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12 December 2017, 18:44,
You old softie, SS. XX
When you come to the end of your rope, tie a knot and hang on.
12 December 2017, 20:31,

My friend Giorgio in Mirabello, Italy (in the Piedmont) has the same problem and intensely dislikes the cold and wet.
I sent him some U.S. Military Surplus ECWCS Gen 4 Level 2 Fleece Base Layer Set from Sportsman's Guide and he seems quite happy with them wearing his boiled wool garments over it.

I have several sets of this and wear them from Halloween until April Fools Day.

73 de KE4SKY
"Almost Heaven" West Virginia
13 December 2017, 17:33,
In the past two days I have switched to wearing some fleece-lined cargo pants I picked up from Sportsman's Guide, the fuzzy footwear referred too as "monkey socks" when my son was an infant, a thick sweat shirt and a polar fleece cap. This has traditionally been part of my sub-polar gear for hunting in the snow.

Mind you this is now inside wear and the indoor temp is a toasty 20c.

My fingers are still cold as is the tip of my nose.
13 December 2017, 18:00,
Thanks to a rise in temperature and some rain the snow has nearly all gone, I expect the next thing we hear will be flood warnings.
13 December 2017, 18:51,
Same here Pete , temp right now 23.5 c indoors MB.
The ability to laugh at yourself while you learn is a great attribute.
15 December 2017, 22:02,
The snow has all gone now, but this morning as I was out walking, 4 layers of clothing, temperature 2 or 3 degrees C. it was damp and I was cold. If I was outside for 48 hours with the best bug out bag I could put together my chances would not be good, a combination of age, fitness and health would drain the life from me. If I need to bug out I must have transport and shelter, thank God for my old camper van, always ready to go with a minimum of 2 weeks supplies on board. I think in a crisis if you can bug in your chances are very much improved, your home is where all your preps are.
15 December 2017, 23:29,
I finally caved in and zipped the thermostat up to 25c. Better to pay a bit more for heat cost than to sit here shivering and b!$#hing until April.

The outside temps have not been above freezing in nearly a week.

This is normal condition for us at this time of year, I should not be complaining except that my medicals stuff has changed my perception of cold. Our real winter starts about end of November and runs until April. We will remain below 10c for most of that and generally will remain 0-5c for the entire January and February and part of March. We can expect sleet, snow, freezing rain any time through there and "climate change" is an unknown factor to us. Our climate has not changed in the past 70 years! If the temps are above that it is abnormally warm.

CH is in the same climate zone as me, except he gets some mountain effect weather I do not see. I am in rolling hill country and he is in ridge and valley geography.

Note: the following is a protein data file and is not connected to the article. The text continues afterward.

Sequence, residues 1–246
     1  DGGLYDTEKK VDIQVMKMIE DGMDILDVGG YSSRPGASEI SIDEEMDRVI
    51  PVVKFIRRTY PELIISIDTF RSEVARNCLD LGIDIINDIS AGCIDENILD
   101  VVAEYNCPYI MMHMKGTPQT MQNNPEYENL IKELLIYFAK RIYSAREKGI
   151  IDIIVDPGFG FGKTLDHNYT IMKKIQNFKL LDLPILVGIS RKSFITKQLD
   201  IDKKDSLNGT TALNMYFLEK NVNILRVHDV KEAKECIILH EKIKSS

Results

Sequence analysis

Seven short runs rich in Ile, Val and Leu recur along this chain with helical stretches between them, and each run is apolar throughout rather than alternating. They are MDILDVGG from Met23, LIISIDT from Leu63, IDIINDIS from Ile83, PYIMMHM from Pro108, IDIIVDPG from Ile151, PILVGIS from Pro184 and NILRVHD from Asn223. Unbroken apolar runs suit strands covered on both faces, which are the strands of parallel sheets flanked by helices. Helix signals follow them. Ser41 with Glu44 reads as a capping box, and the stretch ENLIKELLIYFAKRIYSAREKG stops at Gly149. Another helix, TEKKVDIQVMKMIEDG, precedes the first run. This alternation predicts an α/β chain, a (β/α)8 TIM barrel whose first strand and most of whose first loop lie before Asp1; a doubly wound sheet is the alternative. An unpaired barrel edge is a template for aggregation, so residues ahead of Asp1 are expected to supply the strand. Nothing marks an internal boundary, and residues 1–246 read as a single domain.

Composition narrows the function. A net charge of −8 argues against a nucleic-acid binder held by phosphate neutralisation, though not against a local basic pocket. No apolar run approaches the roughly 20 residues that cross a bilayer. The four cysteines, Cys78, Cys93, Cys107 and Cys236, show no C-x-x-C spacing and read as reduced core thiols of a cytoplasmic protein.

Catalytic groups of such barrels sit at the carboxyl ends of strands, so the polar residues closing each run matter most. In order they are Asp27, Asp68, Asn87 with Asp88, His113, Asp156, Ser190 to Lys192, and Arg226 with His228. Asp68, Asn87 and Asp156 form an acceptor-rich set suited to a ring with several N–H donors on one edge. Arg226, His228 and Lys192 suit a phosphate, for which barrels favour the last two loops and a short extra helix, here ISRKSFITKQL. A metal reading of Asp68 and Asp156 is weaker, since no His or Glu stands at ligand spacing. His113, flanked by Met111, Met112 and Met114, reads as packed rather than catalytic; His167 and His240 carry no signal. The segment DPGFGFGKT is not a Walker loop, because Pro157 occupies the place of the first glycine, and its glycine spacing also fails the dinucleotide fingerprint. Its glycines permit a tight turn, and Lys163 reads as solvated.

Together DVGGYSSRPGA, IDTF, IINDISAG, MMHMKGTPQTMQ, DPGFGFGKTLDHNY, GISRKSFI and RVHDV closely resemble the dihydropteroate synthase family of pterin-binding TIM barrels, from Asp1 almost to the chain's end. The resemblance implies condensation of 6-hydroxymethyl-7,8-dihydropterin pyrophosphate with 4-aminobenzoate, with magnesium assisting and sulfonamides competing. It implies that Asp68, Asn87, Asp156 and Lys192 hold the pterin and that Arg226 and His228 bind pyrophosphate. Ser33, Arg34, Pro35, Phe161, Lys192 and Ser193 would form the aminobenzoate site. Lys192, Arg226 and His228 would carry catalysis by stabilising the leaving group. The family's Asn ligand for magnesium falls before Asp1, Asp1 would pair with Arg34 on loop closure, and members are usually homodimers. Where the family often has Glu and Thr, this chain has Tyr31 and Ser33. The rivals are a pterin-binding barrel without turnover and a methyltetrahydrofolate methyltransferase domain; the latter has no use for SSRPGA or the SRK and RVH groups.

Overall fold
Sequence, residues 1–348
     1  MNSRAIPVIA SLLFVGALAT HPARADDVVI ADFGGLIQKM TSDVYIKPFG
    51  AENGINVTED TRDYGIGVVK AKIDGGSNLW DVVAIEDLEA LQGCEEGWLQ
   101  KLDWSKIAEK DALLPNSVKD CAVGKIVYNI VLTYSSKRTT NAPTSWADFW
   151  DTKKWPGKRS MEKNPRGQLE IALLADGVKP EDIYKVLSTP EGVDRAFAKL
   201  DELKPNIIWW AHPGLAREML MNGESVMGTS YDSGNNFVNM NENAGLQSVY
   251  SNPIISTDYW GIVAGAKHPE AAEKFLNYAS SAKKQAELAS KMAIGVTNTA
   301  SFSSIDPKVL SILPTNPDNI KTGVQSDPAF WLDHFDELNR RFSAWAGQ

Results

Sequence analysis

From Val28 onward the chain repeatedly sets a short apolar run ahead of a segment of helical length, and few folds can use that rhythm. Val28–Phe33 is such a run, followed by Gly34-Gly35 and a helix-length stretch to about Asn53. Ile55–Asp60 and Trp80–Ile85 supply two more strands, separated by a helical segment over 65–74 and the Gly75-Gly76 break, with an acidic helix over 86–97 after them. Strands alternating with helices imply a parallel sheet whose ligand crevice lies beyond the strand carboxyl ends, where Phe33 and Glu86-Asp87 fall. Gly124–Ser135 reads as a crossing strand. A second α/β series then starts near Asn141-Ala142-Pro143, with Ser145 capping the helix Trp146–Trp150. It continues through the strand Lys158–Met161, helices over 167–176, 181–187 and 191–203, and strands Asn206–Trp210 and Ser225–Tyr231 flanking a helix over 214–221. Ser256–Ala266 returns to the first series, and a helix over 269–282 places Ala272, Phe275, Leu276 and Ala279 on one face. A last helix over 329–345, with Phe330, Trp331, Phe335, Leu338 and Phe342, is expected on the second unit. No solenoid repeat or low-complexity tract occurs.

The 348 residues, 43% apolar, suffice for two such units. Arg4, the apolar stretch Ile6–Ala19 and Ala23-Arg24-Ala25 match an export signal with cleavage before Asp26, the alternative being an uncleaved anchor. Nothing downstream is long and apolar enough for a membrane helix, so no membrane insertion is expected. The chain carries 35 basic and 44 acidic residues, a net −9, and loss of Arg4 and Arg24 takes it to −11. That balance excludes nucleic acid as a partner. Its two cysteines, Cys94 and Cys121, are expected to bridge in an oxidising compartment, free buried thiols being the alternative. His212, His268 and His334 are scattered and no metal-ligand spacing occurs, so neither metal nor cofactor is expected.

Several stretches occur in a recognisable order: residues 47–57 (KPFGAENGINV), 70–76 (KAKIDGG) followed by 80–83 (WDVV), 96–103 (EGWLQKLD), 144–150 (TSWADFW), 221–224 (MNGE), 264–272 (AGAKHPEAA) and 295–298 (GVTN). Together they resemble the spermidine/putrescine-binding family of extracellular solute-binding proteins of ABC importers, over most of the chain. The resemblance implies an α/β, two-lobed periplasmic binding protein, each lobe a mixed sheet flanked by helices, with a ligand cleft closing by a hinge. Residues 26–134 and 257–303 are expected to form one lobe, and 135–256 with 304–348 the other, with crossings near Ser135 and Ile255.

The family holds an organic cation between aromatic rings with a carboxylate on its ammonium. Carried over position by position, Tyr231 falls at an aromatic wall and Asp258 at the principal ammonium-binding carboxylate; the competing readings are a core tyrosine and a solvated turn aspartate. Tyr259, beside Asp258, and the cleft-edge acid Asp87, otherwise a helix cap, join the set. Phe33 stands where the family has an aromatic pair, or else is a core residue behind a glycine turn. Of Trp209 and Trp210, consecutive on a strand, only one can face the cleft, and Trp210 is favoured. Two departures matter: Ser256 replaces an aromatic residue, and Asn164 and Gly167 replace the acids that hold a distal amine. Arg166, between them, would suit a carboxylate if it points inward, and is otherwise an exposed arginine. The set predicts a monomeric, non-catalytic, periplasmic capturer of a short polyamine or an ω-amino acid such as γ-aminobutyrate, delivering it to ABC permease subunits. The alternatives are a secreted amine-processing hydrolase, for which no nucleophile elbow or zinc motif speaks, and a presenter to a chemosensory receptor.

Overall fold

The kit I keep in my vehicle at this time of year includes a heavy parka, extra wool socks, felt lined "canoe boots" and a down sleeping bag. There is also a stove, small pots, water supply, tea and soups. That is just the kit for getting stuck in gridlock on the highway, which happens often here during winter. I suppose the extra food for a week, tent tarps and other "necessities" I add might qualify it as a "bug out" system but it is not really intended for that.

And as I have stated may times, my bug in location is what most folks would consider a bug out spot. I already live where they wish they were.
27 December 2017, 17:09,
No real horror story from myself, but there was a really bad accident half a mile down the road from me, if the road service had of gritted the road, it would not have happened...

Air ambulance involved, so it was pretty bad.

A car couldn't get stopped at a junction, got t-boned, and was a wreck!
27 December 2017, 17:25,
About 20 years back I was living further south than I am now and those folks really wwre not used to having snow on the ground.

We had a real heavy ice storm and everything was encrusted with an inch of ice then covered with about 4" of snow.

I had to get to work and I lived way out in the boonies, but I had 4WD so I was not really concerned. 20 miles to work over ice covered roads. I went slowly and had no problems except as I got within sight of my destination there was a large junction with a stop light. The light was green for me but I had the sudden impulse to stop anyway. As I eased up on the throttle and dropped to a lower gear a large Ford Taurus estate wagon careened through the intersection sideways to its normal inclination and spinning more and more rapidly. It finally slowed on the uphill slope after it passed and slowly eased itself into the ditch leaving only amused drivers in its path rather than a pile of dabris.

As I type right now the temp outside is -12c. The light snow we had Christmas day has sublimated and gone. Only a few patches to show it ever existed, but a few miles north of me in PA they have 90cm on the ground.

They are up on the east side of the Great Lakes with both frozen air and 20% of the worlds fresh water supply to provide moisture.

Likely they wil not see the ground again until spring.
27 December 2017, 20:41,
We had a bit of snow again last night......but amounted to nothing if fact no trace at all by 10 am, different story further and higher up the valley ,fifteen miles away about 4" gusting winds made things worse, as i type the gritter's are out ....going really cold out ,my drive is icing up already , but our stove is kicking out lots of comfort n joy ...chestnuts i think .
The ability to laugh at yourself while you learn is a great attribute.

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